Wednesday, April 4, 2012

National Poetry Month—Carlos Cortez "Tumbleweeds" and "Houn' Dog"

Carlos Cortez was born August 13, 1923 in Milwaukee, Wisconsin.  His father was a full blooded Indio from Mexico and an active member and organizer for the Industrial Workers of the World.  His mother was a well read German Socialist and pacifist.  Named Karl Cortez at birth, he was reared in a loving household that was radical and proud of it. 

At home the family spoke English.  He picked up some German from his mother, but never truly mastered his father’s tongue.

Despite looking more like his fair skinned mother than his deeply brown father, young Karl felt the sting of ostracism at school where he was taunted for his unfamiliar Spanish surname and for not going to church.  His mother taught him to stand proud, but to never resort to violence.

Those lessons in non-violence were so deeply engrained that Cortez became one of the relatively few pacifist draft resistors during World War II, and one of an even tinier minority of non-religious objectors.  He told a judge he could see no reason to “shoot other draftees full of holes.”  The unsympathetic judge sentenced him to prison.  He served two years in Sandstone, Minnesota Federal Prison—the very same one I would be sent to for the same offence 30 years later.

After his release Cortez found work in a variety of jobs—as a dishwasher, construction worker, clerk in a deli, and as a hand at various factories.  He joined his father’s union.  He also took up art as a self-trained painter.  Around 1948 he began submitting drawing to the Industrial Worker and contributing occasional stories.

In the ‘50’s he came down from Milwaukee to Chicago to be closer to the center of IWW activity.  He volunteered at General Headquarters on Halstead Street.  It was there that he learned the medium for which he would become most famous.  Like many other struggling leftist periodicals, the Industrial Worker had limited resources to turn his sketches into engraved plates for the use on the flat bed presses that produced the paper.  Cortez noticed that some contributors sent linoleum cut blocks which could be used directly on the press.  It did not take him long to master the techniques of creating lino-cuts.  Soon almost every edition of the paper featured at least one new print by him.

The medium also helped him re-connect to his father’s culture.  He discovered that lino-cut blocks were a staple of the art of the Mexican Revolution.  He studied books at the library and was soon adopting techniques and themes from such artists as José Guadalupe Posada.  He was also impressed by the wood cuts of German Socialist and expressionist Käthe Kollwitz.

Despite his limited Spanish, Cortez became more and more identified with his Mexican, and particularly his peasant Indian, heritage.  He abandoned Karl as a first name and adopted Carlos,  By the mid-60’s so much of the Industrial Worker was made up of his illustrations, articles, poems, and columns that he began using a variety of ways of signing his contributions—CAC, C.C. Redcloud, Koyokuikatl, and his IWW membership card number X321826.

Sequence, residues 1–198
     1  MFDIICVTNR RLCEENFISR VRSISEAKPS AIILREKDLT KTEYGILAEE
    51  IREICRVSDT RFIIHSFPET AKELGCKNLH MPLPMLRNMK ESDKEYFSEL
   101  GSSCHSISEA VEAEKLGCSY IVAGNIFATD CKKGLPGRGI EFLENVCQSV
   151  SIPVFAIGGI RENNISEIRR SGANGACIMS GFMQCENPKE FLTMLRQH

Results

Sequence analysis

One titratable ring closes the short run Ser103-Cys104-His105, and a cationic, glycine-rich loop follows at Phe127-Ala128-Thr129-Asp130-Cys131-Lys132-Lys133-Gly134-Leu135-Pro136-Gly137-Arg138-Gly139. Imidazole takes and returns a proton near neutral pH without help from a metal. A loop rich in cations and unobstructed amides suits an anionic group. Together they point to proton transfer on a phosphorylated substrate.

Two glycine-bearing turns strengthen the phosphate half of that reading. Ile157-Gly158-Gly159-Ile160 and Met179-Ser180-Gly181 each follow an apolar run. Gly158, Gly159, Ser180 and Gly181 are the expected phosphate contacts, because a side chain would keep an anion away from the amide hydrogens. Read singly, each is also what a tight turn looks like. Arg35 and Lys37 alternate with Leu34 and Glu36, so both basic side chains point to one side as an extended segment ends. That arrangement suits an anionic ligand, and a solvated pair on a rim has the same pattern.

Eventually even commercially prepared lino-blocks for carving became too expensive.  Carlos learned to adapt to wood cuts, which both required the development of new skills and which afforded a medium more amenable to fine line and shadings than the bold lines of lino-cut.  He learned to make printing blocks from almost any cast-off wood scraps he could find.

A lifelong bachelor, a Greek friend told him that he should meet his sister.  The trouble was that she was still in Greece.  The two corresponded through her brother for a while.  Carlos saved his money, quit his job, and crossed the ocean as a passenger on a freighter.  He met Marianna Drogitis, a lovely young woman who was, however, by the standards of her culture, a spinster having rejected several suitors.  The two fell in love despite not speaking a word of each other’s language.  They communicated by gesture and the few words of German they had in common—she had learned the language while in occupied Greece where members of her family were in the Resistance.  They returned to the U.S. on another freighter, married, and settled into the happiest marriage I have ever seen in a Chicago apartment in 1965.  

It was a great love story and Carlos would frequently use Marianna as a model for his woodcuts, including loving, voluptuous nudes.

After several years in a north side apartment, against his will, Marianna finally convinced Carlos to buy a house.  Carlos was ever suspicious of the lure of property.  But she found a single floor store front building with a large rear apartment in the middle of an un-yuppiefied north side block.  They were able to buy it for a ridiculously low price—about $16,000 as I recall—on money she had saved from her job doing laundry and cooking for “the Priests” at DePaul University.  It turned out to be the smartest thing she ever forced Carlos to do.  

He transformed the large storefront into a virtual gallery and studio.  His paintings and posters decorated the walls.  There was plenty of room to accommodate gatherings of friends for both social and organizational activities.  There was space for the small flat bed press that Carlos had acquired, nick named El Gato Negrothe Black Cat--in  the basement and he was able to go into production of posters and prints on a scale he never could before.